Don’t Focus on Your Strengths

The Lord is my strength and my song, and he has become my salvation (Exodus 15:2).

For the past decade or so, discovering our strengths has been the buzz in North America, particularly in leadership and management circles. Lots of books have been published and numerous tests developed to help us identify our strengths.

The closest biblical parallels are texts like Ephesians 4:11, 1 Corinthians 12:28, Romans 12:6–8, and others where we are given lists of gifts “that differ according to the grace given to us” by God. And we are urged to use them for the benefit of the church.

But note that even here the Bible tends to refer to “gifts” rather than “strengths.” The difference in focus, I think, is important for us. We tend to think of our strengths as inherently part of our identity. Strengths are our value-add; our competitive edge. But gifts connote grace. A gift does not originate with us. It’s something we receive from God and steward for his sake. Therefore our gifts are not so much our identity as our offering. And since God has given us these gifts, he’s not obliged to always put us in places where we can use them fully.

In fact, God frequently places us in positions where we struggle and feel weak for the very reason that he receives particular glory by showing his strength through our weaknesses.

This motif is woven through redemptive history: “God chose what is foolish in the world to shame the wise; God chose what is weak in the world to shame the strong” (1 Corinthians 1:27). Why? “So that no human being might boast in the presence of God” (1 Corinthians 1:29). God shames human strength to humble humans.

The Apostle Paul, who had extraordinary strengths, came to understand this so profoundly that he said, “Therefore I will boast all the more gladly of my weaknesses, so that the power of Christ may rest upon me. For the sake of Christ, then, I am content with weaknesses, insults, hardships, persecutions, and calamities. For when I am weak, then I am strong” (2 Corinthians 12:9–10).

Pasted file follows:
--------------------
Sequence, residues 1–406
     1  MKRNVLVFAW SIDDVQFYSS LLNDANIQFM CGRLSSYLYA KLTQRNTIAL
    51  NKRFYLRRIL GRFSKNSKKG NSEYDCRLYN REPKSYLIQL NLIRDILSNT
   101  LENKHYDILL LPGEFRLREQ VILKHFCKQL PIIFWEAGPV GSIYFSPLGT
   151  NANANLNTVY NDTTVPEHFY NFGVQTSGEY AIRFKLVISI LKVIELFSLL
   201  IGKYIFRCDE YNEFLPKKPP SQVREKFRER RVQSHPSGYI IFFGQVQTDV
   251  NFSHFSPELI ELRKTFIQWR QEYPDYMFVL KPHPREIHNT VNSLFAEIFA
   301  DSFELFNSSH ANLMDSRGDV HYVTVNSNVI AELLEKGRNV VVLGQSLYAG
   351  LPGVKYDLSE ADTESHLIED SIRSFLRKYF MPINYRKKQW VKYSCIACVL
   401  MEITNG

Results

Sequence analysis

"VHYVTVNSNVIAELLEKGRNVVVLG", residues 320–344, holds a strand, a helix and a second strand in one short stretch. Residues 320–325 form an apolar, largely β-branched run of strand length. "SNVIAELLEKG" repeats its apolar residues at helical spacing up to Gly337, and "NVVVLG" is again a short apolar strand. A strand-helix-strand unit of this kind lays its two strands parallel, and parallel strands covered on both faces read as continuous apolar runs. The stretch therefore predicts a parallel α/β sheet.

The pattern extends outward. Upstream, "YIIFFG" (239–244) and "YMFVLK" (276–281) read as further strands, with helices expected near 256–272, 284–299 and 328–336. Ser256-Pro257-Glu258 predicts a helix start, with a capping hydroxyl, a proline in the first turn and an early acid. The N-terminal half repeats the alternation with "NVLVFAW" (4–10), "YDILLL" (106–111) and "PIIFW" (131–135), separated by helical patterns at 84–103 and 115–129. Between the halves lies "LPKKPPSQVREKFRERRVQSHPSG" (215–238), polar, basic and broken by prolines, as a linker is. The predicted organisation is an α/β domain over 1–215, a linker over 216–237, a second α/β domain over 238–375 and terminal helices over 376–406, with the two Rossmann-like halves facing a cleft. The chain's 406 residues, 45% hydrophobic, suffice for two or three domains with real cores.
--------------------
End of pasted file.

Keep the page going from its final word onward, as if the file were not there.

So this is Paul’s strength-finders theory: our weaknesses are when Christ’s power — our true strength — is most clearly on display. Therefore we ought to boast in and be content with weaknesses.

What God really wants is for us to be “strong in the Lord” (Ephesians 6:10). And becoming strong in the Lord almost always requires that God weaken us. For it’s when our weakness forces us to depend on his strength that we grow in our understanding of the gospel and learn to walk by faith. And usually our deepest, most precious encounters with God occur in the context of our weaknesses, not our strengths.

There are helpful things to glean and apply from the world’s strength-finders resources. But don’t focus too long on them. Focus on the Bible. It’s the best strengths-finders manual out there. Becaus it’s not our strengths that it helps us to find. It helps us find God’s strength.

My flesh and my heart may fail, but God is the strength of my heart and my portion forever (Psalm 73:26).

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Previous posts from Jon Bloom —

Jon Bloom (@Bloom_Jon) is the author of Not by Sight: A Fresh Look at Old Stories of Walking by Faith and serves as the President of Desiring God, which he and John Piper launched together in 1994. He lives in the Twin Cities with his wife, Pam, their five children, and one naughty dog.